The function basically creates a parallel struct type where enums are replaced with ints so that we can perform the check. It accepts an optional namespace for performing additional validation.


Yes, useful trick, but works only if the values are contiguous (for several network protocols, they are not).

True - this does assume contiguity. I’ll play around with some meta programming tonight and see if I can cook up something more direct. You can iterate over the fields in an enum and I’m pretty sure that this can be used to create runtime checks (I do it all the time for tuples). I’ll write an example tonight, but it should actually be pretty straight forward for the non-contiguous case.

    /// This data structure is used by the Zig language code generation and
    /// therefore must be kept in sync with the compiler implementation.
    pub const EnumField = struct {
        name: []const u8,
        value: comptime_int,

    /// This data structure is used by the Zig language code generation and
    /// therefore must be kept in sync with the compiler implementation.
    pub const Enum = struct {
        tag_type: type,
        fields: []const EnumField,
        decls: []const Declaration,
        is_exhaustive: bool,

Here you can see that the Enum builtin type has a member called “fields” and each field has a name and value. You can unroll this with an inline loop and check it’s numeric value against a provided value.

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Here’s a simple way to see if a value is inside of an enum that does not require contiguous values:

const std = @import("std");

fn isEnum(comptime E: type) bool {
    return switch(@typeInfo(E)) {
        .Enum => true,
        else => false,

pub fn inEnum(comptime E: type, t: usize) bool {

    if (comptime !isEnum(E)) {
        @compileError("inEnum requires enum type as first argument.");
    return inline for (@typeInfo(E).Enum.fields) |f| {
        if (f.value == t) {
            break true;
    } else false;

const TagsA = enum {

const TagsB = enum(usize) {
    a = 10, 
    b = 50,

pub fn main() !void {
    // the inferred case:
    std.debug.print("\nIn enum: {}\n", .{ inEnum(TagsA, 0) });
    std.debug.print("\nIn enum: {}\n", .{ inEnum(TagsA, 1) });
    std.debug.print("\nIn enum: {}\n", .{ inEnum(TagsA, 2) });

    // the explicit case:
    std.debug.print("\nIn enum: {}\n", .{ inEnum(TagsB, 10) });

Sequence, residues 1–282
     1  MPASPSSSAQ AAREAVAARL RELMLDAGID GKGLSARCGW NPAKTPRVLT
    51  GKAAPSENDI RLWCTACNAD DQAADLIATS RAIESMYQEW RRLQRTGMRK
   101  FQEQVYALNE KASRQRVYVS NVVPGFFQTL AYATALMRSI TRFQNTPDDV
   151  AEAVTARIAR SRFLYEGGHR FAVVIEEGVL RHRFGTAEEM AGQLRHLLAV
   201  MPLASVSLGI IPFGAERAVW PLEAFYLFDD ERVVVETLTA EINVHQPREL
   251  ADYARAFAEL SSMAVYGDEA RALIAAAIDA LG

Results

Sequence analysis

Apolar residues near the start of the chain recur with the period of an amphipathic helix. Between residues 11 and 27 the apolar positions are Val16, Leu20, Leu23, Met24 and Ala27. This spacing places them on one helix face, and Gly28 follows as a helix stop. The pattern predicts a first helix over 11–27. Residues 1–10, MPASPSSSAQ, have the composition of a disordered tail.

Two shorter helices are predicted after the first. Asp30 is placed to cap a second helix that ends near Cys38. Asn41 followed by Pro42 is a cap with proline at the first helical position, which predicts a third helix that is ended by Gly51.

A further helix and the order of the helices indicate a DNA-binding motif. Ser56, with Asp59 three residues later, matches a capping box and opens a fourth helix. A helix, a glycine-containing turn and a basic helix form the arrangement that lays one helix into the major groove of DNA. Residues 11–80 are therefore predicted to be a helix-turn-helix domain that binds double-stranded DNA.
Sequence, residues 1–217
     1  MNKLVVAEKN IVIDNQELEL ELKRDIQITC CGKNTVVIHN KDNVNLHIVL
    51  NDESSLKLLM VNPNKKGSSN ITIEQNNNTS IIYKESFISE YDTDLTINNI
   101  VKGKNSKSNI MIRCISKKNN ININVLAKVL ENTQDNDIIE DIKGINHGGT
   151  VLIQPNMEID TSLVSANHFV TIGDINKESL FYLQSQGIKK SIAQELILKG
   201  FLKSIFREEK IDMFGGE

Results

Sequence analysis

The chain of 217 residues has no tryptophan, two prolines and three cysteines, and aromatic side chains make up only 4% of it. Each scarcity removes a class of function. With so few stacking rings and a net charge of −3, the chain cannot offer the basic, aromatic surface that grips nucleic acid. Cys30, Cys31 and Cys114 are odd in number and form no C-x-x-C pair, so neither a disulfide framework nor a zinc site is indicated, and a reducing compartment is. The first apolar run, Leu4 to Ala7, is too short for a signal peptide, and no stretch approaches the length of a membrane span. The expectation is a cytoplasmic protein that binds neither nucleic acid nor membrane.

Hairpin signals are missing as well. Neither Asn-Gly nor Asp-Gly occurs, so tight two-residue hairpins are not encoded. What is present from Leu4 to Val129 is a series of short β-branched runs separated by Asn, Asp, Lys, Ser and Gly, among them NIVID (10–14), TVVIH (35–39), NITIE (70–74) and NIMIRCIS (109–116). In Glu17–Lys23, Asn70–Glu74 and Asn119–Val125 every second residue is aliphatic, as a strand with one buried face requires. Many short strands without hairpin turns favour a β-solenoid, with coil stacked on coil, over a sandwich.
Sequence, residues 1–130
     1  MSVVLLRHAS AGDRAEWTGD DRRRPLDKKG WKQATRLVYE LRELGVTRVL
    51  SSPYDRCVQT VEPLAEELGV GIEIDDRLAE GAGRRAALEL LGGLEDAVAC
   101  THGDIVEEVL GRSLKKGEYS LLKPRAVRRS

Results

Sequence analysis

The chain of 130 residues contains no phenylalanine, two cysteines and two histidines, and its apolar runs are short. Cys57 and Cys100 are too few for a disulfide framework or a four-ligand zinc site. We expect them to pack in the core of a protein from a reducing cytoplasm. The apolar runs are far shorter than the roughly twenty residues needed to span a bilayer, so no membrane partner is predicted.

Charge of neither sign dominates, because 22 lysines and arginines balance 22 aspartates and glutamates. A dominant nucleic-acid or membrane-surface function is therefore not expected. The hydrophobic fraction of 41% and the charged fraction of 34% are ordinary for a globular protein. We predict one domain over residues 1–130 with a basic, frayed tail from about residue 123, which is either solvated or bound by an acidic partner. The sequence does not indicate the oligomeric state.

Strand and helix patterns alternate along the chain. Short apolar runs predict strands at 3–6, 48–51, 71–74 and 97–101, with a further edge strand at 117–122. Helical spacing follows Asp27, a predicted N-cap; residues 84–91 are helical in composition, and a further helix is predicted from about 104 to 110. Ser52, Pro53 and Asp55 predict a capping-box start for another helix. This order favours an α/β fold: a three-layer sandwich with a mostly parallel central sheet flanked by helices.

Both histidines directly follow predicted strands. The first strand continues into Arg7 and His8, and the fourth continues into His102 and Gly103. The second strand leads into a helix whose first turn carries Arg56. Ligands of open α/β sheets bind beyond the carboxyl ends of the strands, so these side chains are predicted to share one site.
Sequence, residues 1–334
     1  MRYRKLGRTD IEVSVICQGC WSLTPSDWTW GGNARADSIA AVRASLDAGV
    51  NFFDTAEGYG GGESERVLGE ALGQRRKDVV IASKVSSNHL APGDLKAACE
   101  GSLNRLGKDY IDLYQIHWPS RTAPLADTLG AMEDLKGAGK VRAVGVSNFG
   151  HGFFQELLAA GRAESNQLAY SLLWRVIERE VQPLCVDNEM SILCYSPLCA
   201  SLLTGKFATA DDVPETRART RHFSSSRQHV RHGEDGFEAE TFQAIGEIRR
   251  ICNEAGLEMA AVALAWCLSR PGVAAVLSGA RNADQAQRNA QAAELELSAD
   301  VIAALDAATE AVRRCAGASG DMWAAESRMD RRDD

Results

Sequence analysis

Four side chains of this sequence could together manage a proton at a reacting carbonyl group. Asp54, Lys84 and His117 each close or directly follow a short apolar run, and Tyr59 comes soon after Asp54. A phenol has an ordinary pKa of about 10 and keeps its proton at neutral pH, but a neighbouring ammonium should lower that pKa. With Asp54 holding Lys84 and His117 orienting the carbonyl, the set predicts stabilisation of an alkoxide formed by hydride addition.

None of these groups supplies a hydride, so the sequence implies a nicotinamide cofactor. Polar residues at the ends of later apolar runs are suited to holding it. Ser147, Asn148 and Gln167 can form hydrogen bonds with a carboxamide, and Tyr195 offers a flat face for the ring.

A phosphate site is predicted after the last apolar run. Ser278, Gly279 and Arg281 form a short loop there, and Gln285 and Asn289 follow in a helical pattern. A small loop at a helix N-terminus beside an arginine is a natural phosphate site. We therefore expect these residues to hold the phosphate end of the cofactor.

std.debug.print("\nIn enum: {}\n", .{ inEnum(TagsB, 50) });
    std.debug.print("\nIn enum: {}\n", .{ inEnum(TagsB, 42) });


std.meta.intToEnum has been mentioned above but here’s a simple example that may make it clearer how it’s useful in this case:

const std = @import("std");

const E = enum(u8) {
    a = 10,
    b = 2,
    c = 33,

    fn fromU8(n: u8) ?E {
        return std.meta.intToEnum(E, n) catch null;

pub fn main() void {
    std.debug.print("33? {?}\n", .{E.fromU8(33)});
    std.debug.print("42? {?}\n", .{E.fromU8(42)});

BTW fix for this is planned on my TODO list for a long time (for now I just re-implement smaller subset of what I need from std.enums for non-exhaustive enums). If I understand correctly, this restriction was relevant when one type of enumerations were allowed to have field aliases (now-removed extern enums), and since we don’t have them anymore this restriction can be lifted.

Add some enum utilities by SpexGuy · Pull Request #8171 · ziglang/zig · GitHub (original PR that introduced std.enums, merged March 19, 2021)
enums should disallow multiple enumerations with the same value · Issue #2115 · ziglang/zig · GitHub (proposal to remove extern enums, April 28, 2021, also note about time complexity of std.enums.directEnumArray on a extern enum)

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This code is almost exactly what std.meta.intToEnum does.
Yesterday, I was writing a performance critical loop. I had a bunch of functions in an array (not function pointers, actual function types, the kind that is comptime-only). I was iterating over this array, doing a bunch of work and, at the end of each iteration, I would call one the functions. Because functions are comptime-only, I had to inline the loop, like you did in your code. I decided to test what would happen if I placed function pointers in the array instead, so that I could remove the inline from the loop. This resulted in a 2x speedup.
I had previously looked at the std.meta.intToEnum implementation, and I noticed yours was very similar. Primed by my experience yesterday, I decided to test if inlining the loop could be causing an inefficiency. I placed the values of the enum in an array, which I can iterate at runtime without inlining the loop. The generated code was much better. I wrote a pull request about this.
So, here’s the lesson from I got from these past couple of days. Never inline loops that are going to be executed at runtime. You can always find a way to make the iteration work with a value that is not comptime-only, while still preserving the comptime knowledge about the loop bounds.


That’s great information. Thanks for sharing your find! I’ll have to test this at some point myself and maybe I’ll start defaulting to something similar.